The electrode plates 44 can be made from copper, molybdenum, tungsten, nickel, or compounds or alloys thereof. The electrode plates 44 can also be made from stainless steel. It is also possible to plate the electrode plates with silver or gold.

The electrode plates 44 in said second portion 54 of the ion guide 32 may have a thickness of 3 mm or less, preferably of 1 mm or less, more preferably of 0.3 mm or less, and most preferably 0.1 mm or less. However, the thickness is preferably 0.01 mm or more, preferably of 0.02mm or more and most preferably of 0.03 mm or more. The average distance between adjacent electrode plates 44 in the second portion 54 is similar to the thickness, and in the embodiment shown, it is actually identical.

Moreover, the ratio of the diameter of the opening in each electrode plate 44 and the distance to one of its adjacent electrode plates 44 may be between 2000 and 1.0, preferably between 2000 and 2.0. Note that this ratio cannot be discerned from Fig. 2 to 5, since these figures are not drawn to scale in this regard.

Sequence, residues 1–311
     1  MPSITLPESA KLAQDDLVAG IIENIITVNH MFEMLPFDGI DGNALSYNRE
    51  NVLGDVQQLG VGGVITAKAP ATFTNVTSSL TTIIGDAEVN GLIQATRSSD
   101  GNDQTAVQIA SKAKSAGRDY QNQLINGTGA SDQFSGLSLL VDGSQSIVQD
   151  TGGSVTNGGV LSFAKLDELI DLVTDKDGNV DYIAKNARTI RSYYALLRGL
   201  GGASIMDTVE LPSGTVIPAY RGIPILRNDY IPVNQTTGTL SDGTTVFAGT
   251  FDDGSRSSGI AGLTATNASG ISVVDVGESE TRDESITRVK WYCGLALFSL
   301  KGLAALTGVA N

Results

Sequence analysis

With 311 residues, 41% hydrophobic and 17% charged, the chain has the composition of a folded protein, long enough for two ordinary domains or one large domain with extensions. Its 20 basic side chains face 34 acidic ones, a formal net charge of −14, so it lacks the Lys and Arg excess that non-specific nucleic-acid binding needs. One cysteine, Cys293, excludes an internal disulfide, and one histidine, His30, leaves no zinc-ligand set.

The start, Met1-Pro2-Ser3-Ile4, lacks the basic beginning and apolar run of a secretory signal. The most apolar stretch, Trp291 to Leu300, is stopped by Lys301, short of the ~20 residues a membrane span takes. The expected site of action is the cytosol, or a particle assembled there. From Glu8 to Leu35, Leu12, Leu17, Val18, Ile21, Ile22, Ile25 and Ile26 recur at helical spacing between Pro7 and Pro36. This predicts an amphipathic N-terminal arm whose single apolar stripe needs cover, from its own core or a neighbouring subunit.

In the TWIN ion guides 32 of Fig. 2,4 and 5, the sealing elements 46 in the second portion 54 are flush with the opening in one or both of its adjacent electrode plates 44. In the embodiment of Fig. 3, the sealing elements 46 are retracted from the opening in one or both of its adjacent electrode plates 44 in a radially outward direction. When the sealing elements 46 are flush with the opening in the adjacent electrode plates 44, the inner volume of the tunnel structure of the second portion 54 is minimum. Moreover, the flush configuration is advantageous for the purpose of 3D printing described below. While retracting the sealing elements 46 in the manner shown in Fig. 3 and Fig. 5 slightly increases the inner volume, it leads to a“rough” inner surface which causes turbulences in the gas flow and can thereby help to decrease the gas conductance and thereby reduce the gas load. A similar increase of turbulences can be generated by 3D printing, when there is a slight smooth modulation of the inner diameter between spacer and plate.